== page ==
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Value of Real Time 3D Transesophageal Echocardiography for Transcatheter Mitral Valved Stent Implantation in the Beating Heart
Katharina Huenges1,
Saskia Pokorny1, Telse Bhr1, Matthias Gegenwart1, Gunther Fischer2, Lucian Lozonschi3, Jochen Cremer1, Georg Lutter1.
1University Hospital Schleswig-Holstein, Campus Kiel, Department of Cardiovascular Surgery, Kiel, Germany, 2University Hospital Schleswig-Holstein, Campus Kiel, Department of Pediatric Cardiology, Kiel, Germany, 3University of Wisconsin, School of Medicine and Public Health, Department of Cardiothoracic Surgery, Madison, WI, USA.

OBJECTIVE: In this study we report our experiences with real-time three-dimensional transesophageal echocardiography (RT-3D-TEE) as adequate imaging technique during guidance and evaluation of mitral valved stent implantation in an experimental setting.
METHODS: Implantation of a mitral valved stent was performed in 28 pigs of the german landrace or Edelschwein (49.5±2.94kg) via a transapical approach in the beating heart. The implantation and deployment procedure were guided by 2D and RT-3D-TEE. A full two-dimensional (2D) and RT-3D-TEE evaluation based on a standard protocol was conducted before and 1h after implantation. Focus of the assessment were the global heart function, the valved stent performance and position as well as possible paravalvular leakages (PVL) and central regurgitation (cMR).
RESULTS: The self-expanding valved stents were successfully implanted in 24 pigs at first attempt. Four pigs died during the procedure due to ventricular fibrillation. TEE evaluation showed a slightly decreasing ejection fraction (63.54±5.13% to 56.68±8.83%) and E/A ratio (1.28±0.42 to 1.12±0.33), but still in physiological ranges. Mitral annular plane systolic excursion (MAPSE) as parameter for the longitudinal function slightly decreased after implantation (1.2±0.1cm to 1.0±0.1cm), but remained within a physiological range. Mildly increasing maximal velocities were observed over the mitral valve, the left ventricular outflow tract and the aortic valve (MV:64.78±12.53cm/s to 88.30±21.68, LVOT:67.42±10.01cm/s to 97.29±43.23cm/s, AV: 91.64±14.36cm/s to 102.90±25.41cm/s). The gradients across the mitral valved stent remained low (1.04±0.63mmHg post implantation). RT-3D-TEE provided dependable spatial visualization of the left heart, mitral apparatus, delivery system and the valved stent. By the use of 3D-TEE orientation during deployment and positioning of the valved stent was notably facilitated. 3D showed particular benefit during evaluation of the stent performance and visualization of the stent movement and deformation.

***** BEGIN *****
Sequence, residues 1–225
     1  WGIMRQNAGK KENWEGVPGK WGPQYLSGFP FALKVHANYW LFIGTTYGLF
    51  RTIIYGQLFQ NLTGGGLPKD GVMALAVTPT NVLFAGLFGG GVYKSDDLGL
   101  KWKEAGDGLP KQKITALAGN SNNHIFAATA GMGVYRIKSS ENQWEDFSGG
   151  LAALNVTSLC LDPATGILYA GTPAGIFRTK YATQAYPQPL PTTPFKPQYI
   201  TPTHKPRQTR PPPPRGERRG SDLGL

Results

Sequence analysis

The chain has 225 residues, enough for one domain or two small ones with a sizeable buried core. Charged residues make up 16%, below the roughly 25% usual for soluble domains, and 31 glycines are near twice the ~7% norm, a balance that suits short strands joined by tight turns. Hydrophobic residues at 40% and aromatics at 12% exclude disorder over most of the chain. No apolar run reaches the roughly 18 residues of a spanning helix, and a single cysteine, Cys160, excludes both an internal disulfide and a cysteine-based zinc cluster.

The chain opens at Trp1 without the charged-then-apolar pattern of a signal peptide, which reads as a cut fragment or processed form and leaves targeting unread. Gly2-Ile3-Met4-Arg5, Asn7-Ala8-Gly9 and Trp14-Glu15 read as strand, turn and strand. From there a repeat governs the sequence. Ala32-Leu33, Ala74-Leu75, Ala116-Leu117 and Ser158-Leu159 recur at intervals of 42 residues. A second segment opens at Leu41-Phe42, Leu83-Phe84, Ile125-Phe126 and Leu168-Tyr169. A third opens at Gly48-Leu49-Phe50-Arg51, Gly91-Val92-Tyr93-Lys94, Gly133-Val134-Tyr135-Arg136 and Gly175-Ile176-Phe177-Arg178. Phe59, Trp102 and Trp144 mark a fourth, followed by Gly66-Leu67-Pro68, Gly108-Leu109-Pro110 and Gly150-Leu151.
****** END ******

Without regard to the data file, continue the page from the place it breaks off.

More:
CONCLUSIONS: RT-3D-TEE provided accurate views and allowed assessment of regurgitations as well as the imaging of the stent, it is of explicit value as a guidance method during implantation. Therefore 3D-TEE highly contributed to the successful minimally invasive implantation of this novel valved-stent in the native mitral annulus.

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